Early in the campaign, Romney tried to cloak himself with the mantle of the inevitable nominee who would have the broadest appeal to progressives and independents — those who may ultimately decide who gets to actually measure the drapes in the Oval Office next January. Romney, however, is too far to the right on immigration issues for Hispanics and Latinos, the country’s largest minority group.

Moreover, Romney’s position on Social Security, Medicare, and Medicaid put him potentially at odds with millions of boomers and seniors. By tacking to the right to earn his bona fides as a conservative, he risks his chances to succeed in the general election. Romney’s dilemma is he wants to win too badly and is having difficulty positioning himself credibly in two philosophical camps within the G.O.P. — moderates and conservatives.

To complicate his journey to the nomination even further, a cabal of Republican elites is still searching for a consensus-anybody-but-Mitt-candidate. Meanwhile, Romney has to slug it out in a bevy of southern primaries with Rick Santorum, a real conservative, breathing down his neck.

Democrats, meanwhile, will be amassing reams of footage of Romney the new conservative; a friend of Wall Street; advocate for the status quo, and enemy of the middle-class. Other Republicans willing to accept Romney’s androgynous style and inconsistencies may be willing to give him a pass as the perennial flip-flopper he is, but verdicts could be harsher during the general campaign. This presupposes he is the nominee.

To be fair, some progressives and independents disenchanted with the President, may forgive Romney for being for and against practically every issue of consequence. They would, however, insist he become an advocate for greater income equality, economic justice, less rank partisanship, and a commitment to rebuilding the economy without an exclusive reliance on tax cuts for the rich. Moreover, they would want his commitment to restore our global standing without a knee-jerk insistence on military intervention to every perceived threat.

Conservatives would prefer their candidate to be heavy on conviction even if they don’t win. Romney says, “Elect me and I’ll be what I have to be once in office!” He is impaled on the horns of a dilemma and there is no easy way to extricate himself. A desperate Romney will be bloodied while the Republican elite look for an alternative — even at this late date. Were Romney the true conservative he purports to be, the party would coalesce around him and strengthen his candidacy against the President. Republicans would be united and psyched!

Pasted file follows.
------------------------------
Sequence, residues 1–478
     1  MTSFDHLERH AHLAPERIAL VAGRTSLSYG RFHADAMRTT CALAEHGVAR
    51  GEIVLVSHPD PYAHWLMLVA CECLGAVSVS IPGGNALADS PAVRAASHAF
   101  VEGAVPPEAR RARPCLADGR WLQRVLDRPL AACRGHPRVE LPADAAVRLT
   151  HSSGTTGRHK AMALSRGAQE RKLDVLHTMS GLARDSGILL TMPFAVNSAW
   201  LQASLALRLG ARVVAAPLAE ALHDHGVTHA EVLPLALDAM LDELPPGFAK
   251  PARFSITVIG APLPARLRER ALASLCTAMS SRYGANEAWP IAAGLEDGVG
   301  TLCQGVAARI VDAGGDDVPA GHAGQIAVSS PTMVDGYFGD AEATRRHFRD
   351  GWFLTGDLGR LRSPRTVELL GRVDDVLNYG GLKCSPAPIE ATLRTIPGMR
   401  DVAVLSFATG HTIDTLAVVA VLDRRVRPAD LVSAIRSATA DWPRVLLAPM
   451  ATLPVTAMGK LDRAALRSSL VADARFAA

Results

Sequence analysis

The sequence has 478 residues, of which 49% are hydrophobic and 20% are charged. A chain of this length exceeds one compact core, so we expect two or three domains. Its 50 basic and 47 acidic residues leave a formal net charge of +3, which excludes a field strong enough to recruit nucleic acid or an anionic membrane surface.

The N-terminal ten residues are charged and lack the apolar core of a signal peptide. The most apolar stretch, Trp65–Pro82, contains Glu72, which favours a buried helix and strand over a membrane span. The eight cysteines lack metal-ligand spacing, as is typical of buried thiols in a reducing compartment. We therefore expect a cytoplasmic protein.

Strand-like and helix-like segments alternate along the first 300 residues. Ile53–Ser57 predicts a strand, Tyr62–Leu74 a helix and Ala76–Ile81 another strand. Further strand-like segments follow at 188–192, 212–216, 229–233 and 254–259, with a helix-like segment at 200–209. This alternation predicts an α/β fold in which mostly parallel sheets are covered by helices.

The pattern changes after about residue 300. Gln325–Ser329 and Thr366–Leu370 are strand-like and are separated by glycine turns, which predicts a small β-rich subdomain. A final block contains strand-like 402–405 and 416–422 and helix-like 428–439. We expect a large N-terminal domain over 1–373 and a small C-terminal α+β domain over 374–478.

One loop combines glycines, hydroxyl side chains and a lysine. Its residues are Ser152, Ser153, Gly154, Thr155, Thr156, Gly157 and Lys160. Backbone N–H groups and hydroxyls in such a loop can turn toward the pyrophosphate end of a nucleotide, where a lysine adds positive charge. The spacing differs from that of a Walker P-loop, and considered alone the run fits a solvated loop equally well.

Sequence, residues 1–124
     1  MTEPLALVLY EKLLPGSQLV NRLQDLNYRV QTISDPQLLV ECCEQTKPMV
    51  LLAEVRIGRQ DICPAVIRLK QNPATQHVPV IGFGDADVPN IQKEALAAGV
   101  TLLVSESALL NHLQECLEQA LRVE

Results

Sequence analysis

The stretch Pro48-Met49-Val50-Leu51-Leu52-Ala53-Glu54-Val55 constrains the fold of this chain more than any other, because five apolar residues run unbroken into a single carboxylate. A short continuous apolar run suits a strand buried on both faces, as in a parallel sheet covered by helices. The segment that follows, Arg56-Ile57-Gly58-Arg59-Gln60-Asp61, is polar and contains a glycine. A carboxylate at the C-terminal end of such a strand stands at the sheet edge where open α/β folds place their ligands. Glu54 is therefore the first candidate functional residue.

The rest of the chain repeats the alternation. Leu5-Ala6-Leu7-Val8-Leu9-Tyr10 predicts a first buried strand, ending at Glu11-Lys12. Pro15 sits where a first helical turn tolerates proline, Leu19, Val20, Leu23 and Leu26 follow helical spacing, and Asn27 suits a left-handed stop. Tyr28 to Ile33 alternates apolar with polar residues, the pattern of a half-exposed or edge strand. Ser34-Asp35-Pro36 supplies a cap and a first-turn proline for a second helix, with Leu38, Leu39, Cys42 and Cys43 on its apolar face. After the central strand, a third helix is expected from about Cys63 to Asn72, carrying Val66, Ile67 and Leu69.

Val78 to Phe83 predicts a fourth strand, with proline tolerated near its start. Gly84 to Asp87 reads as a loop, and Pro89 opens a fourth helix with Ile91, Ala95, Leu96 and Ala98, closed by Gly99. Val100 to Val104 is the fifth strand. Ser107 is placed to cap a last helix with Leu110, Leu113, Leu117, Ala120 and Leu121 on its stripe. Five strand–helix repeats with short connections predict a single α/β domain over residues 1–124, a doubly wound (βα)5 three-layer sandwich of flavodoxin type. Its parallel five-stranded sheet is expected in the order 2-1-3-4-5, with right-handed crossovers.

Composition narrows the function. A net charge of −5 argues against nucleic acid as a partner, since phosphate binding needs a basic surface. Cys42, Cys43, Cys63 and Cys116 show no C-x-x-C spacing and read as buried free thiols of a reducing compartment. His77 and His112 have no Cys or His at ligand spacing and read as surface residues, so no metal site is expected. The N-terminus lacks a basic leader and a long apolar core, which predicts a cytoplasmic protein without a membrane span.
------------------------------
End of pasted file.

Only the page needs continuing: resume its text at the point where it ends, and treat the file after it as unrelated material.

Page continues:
As formidable as Romney’s organization and campaign war chest may be, he is still weak politically and may yet be denied the nomination.

The test for Romney is to increase support among Republican voters across the board and to prevent a surge by Santorum.

Mitt Romney may still capture the nomination. If he does, he will have earned it. Should he be the last man standing at the Republican convention without having engendered more enthusiasm than he has, could there be a brokered convention? Romney could go down on the first ballot and the convention would then be open to drafting a new candidate — say Governor Chris Christie (R-NJ) or, Jeb Bush, former governor of Florida? Why not? If Romney is unable to generate more enthusiasm among the Republican base, and he continues to win primaries garnering no more than 25 percent of the vote, he remains damaged goods and unlikely to make Obama the one-term President Republicans vow he will be.

The republican nominee will have the challenge of uniting a G.O.P. split between establishment partisans (anti-tax supply-siders and social traditionalists) and populist conservatives (anti-debt libertarians and social moralists).

Some analysts suggest that the Republican desire to make Obama a one-term President will help Romney close ranks fairly quickly and win the nomination. This same analyst also posits that Romney uniting the party may help prevent a third-party candidate from establishing real traction. This analysis gains greater credence only if the populist conservatives in the Republican Party give Romney a pass and the Republican elites are unable to reach agreement on a consensus candidate other than Mitt Romney.

The path to the nomination for Willard Mitt Romney may have been clear to him but more than one bend in the road awaits his ambitious quest for the ultimate prize.